Reconstruction of Memory

22 Sep – 17 Dec 2017

The Russian occupation of Crimea and the military invasion into Eastern Ukraine forced two million people (according to official statistics) to abandon their homes and flee in order to escape military actions and prosecution for their political views.
Today, three years later, when many refugees have already settled into new homes, it becomes clear that the problems caused by the involuntary resettlement are not limited to material losses.
The occupation has not only forced us out of our homes; we also lost the continuity of our personal histories. While hurriedly packing documents and money, we left behind, scattered, our grandmother’s photo albums, our mother’s jewellery, and our first toys: all the trinkets that marked our progress in time. These are the things that no one would save. They are of no use for settling down in a new place. They would not make your new life better. For many years, we’ve been stockpiling those silent witnesses of our existence only to abandon them at a critical moment, thus depriving ourselves of material memories. The scale of this trauma is still being estimated. Cut off from our roots, deprived of the past, uncertain about the future, lacking support in the present, we will be unable to progress until this loss is apprehended, described, and analysed, and until the emptiness it has caused is filled once again.

In the first part of the project, participants talk about their loss experiences in the first person as someone personally involved in a traumatic incident, using all available artistic media to analyse the possibility of reconstructing their own memorabilia.


The second part of the project presents the works of artists, who explore the experience of internally displaced people but do not come from the occupied territories themselves. These works were added to the original exhibition, which took place in Kyiv in 2016, to also present an outside point of view on the exhibition’s subject matter. This expansion of the exhibition became possible due to the social dialogue about the mass displacement and loss of home that began at the time of the exhibition in Kyiv and still continues in Ukrainian society.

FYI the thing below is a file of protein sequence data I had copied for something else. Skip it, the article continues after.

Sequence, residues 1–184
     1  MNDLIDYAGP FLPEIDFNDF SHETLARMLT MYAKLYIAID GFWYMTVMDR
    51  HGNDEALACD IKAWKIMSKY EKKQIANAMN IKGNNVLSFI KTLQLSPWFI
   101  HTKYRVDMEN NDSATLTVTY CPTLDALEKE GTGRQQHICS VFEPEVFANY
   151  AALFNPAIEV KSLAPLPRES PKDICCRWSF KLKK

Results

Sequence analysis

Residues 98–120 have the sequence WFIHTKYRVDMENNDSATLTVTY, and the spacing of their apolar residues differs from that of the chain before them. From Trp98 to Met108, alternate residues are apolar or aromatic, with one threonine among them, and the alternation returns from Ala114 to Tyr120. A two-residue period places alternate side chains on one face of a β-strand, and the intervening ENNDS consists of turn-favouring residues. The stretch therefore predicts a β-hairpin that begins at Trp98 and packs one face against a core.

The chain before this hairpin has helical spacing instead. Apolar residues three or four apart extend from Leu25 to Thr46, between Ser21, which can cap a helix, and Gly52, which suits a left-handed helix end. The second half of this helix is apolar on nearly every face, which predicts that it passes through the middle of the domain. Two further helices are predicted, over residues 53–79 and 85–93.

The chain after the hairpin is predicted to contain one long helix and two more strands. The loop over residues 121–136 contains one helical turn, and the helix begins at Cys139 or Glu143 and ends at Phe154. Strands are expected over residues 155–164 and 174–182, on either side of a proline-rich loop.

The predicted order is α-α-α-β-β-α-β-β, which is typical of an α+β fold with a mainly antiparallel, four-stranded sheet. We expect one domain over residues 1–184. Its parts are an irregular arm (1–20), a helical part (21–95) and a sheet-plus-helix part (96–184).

Curators: Lia Dostlieva, Andrii Dostliev
Lia Dostlieva (b. 1984) and Andrii Dostliev (b. 1984) are Ukrainian artists and curators, currently living and working in Poland. Their primary areas of interest are memory, trauma, and identity − both personal and collective.
Exhibiting artists
Olena Bulygina (Stakhanov, Luhansk reg., Ukraine — London, UK)
Viktor Corwic (Donetsk, Donetsk reg., Ukraine — Kyiv, Ukraine)
Andrii Dostliev (Brianka, Luhansk reg., Ukraine — Poznań, Poland)
Lia Dostlieva (Donetsk, Donetsk reg., Ukraine — Poznań, Poland)
Krolikowski Art (Donetsk, Donetsk reg. + Sevastopol, Crimea — Slavutych, Ukraine)
Maria Kulikovska (Kerch, Crimea, Ukraine — Kyiv, Ukraine / Malmö, Sweden)
Yulia Polunina-But (Simferopol, Crimea, Ukraine — Kyiv, Ukraine)
Katerina Yermolaeva (Donetsk, Donetsk reg., Ukraine — Kyiv, Ukraine)
Sergei Zakharov (Donetsk, Donetsk reg., Ukraine — Kyiv, Ukraine)
Emine Ziyatdinova (Uzbekistan — Crimea, Ukraine — Kyiv, Ukraine)
Zhanna Kadyrova (Kyiv, Ukraine)
Olya Mykhailiuk (Kyiv, Ukraine)
Attendant programme

8 Oct | 4 p.m.

Guided tour of the exhibition with the curators

Educational programme

17 Oct / 12:00 noon – 6:00 p.m.

Against Normalization of Evil in society - From the Present to the Past and Back Again

A seminar for teachers and remembrance education lecturers


22 Sep - 20 Nov

An educational programme for primary and secondary school students – on order (